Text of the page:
Get onboard

How one baby-boom skier became a snowboarding convert
Harriot Manley

The gear

For most of my life, snow meant one thing: get out the skis and go. Downhill or nordic-style, they were all I needed to take on the white stuff of winter.

But now I've added new spice to my ski rack ― a snowboard. Egged on by my two preteen kids, and encouraged by the increasing number of other "grays on trays" ― snowboarder argot for the sport's, um, more mature participants ― I decided to forgo a weekend of skiing and give snowboarding a try.

Two days later I was hooked. Boarding, or "riding" as it is often called, already had me gliding down the mountain in wide, arcing turns and skimming down newly groomed intermediate trails. If I had been a beginner skier with so little time on the mountain, I'd still be belly-flopping off the rope tow.

Riding the boarding boom

I'm not alone in my affection for snowboarding. According to Dan Kasen, the National Sporting Goods Association's manager of information services, "Of the 27 year-round sports we follow, it was by far the fastest-growing sport last year." At resorts nationwide, roughly one in four people rides boards, not skis. At some areas, boarders outnumber skiers ― at Mountain High, near Los Angeles, it's 85 percent snowboarders, notes Michael Berry, president of the National Ski Areas Association. Only a handful of resorts ― Taos in New Mexico and Deer Valley and Alta in Utah ― still eschew snowboards completely.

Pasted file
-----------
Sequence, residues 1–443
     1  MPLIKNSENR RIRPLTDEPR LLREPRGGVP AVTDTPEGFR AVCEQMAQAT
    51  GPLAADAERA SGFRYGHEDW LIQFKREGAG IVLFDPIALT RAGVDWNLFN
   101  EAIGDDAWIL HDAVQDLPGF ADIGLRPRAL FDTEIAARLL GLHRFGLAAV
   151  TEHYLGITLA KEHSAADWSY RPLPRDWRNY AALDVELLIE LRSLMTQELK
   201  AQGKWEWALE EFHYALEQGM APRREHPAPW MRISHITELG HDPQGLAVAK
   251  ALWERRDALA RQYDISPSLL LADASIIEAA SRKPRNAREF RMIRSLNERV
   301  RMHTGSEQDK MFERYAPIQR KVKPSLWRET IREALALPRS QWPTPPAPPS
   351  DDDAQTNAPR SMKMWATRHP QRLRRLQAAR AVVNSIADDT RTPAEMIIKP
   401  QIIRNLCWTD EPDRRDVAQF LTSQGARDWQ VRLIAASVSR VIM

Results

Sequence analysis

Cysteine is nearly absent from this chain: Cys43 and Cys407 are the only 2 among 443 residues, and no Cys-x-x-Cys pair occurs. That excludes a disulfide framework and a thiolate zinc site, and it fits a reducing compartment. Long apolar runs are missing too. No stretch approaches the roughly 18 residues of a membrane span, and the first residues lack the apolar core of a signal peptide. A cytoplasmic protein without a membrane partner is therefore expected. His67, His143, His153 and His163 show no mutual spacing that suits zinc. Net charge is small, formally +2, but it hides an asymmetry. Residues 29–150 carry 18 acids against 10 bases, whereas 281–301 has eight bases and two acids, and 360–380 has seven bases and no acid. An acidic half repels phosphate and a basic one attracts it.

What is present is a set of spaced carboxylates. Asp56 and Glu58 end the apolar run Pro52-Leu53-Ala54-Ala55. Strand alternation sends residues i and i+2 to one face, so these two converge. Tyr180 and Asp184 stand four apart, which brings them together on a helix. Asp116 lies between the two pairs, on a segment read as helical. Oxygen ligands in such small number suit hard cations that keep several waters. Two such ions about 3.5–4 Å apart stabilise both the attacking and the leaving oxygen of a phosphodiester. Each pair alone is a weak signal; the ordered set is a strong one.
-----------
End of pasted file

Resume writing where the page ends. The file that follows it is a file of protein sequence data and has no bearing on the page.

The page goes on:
Snowboarding was once the territory of kids with barbed-wire tattoos, but the number of older enthusiasts has inched up: from 350,000 35- to 64-year-olds in 1988 (when NSGA first compiled snowboarding figures) to just more than 500,000 baby-boom-and-beyond riders this past year. While some of these riders may be searching for the rebel within, many now ride because it's gentler on their worn-out knees.

Explains Terrence Orr, M.D., an orthopedist based in South Lake Tahoe, California, "Because both legs are attached to the same platform in the same direction, you don't have the problem of one leg going in one direction and the other shooting off in another, like you do with skiing. It's much easier on the knees."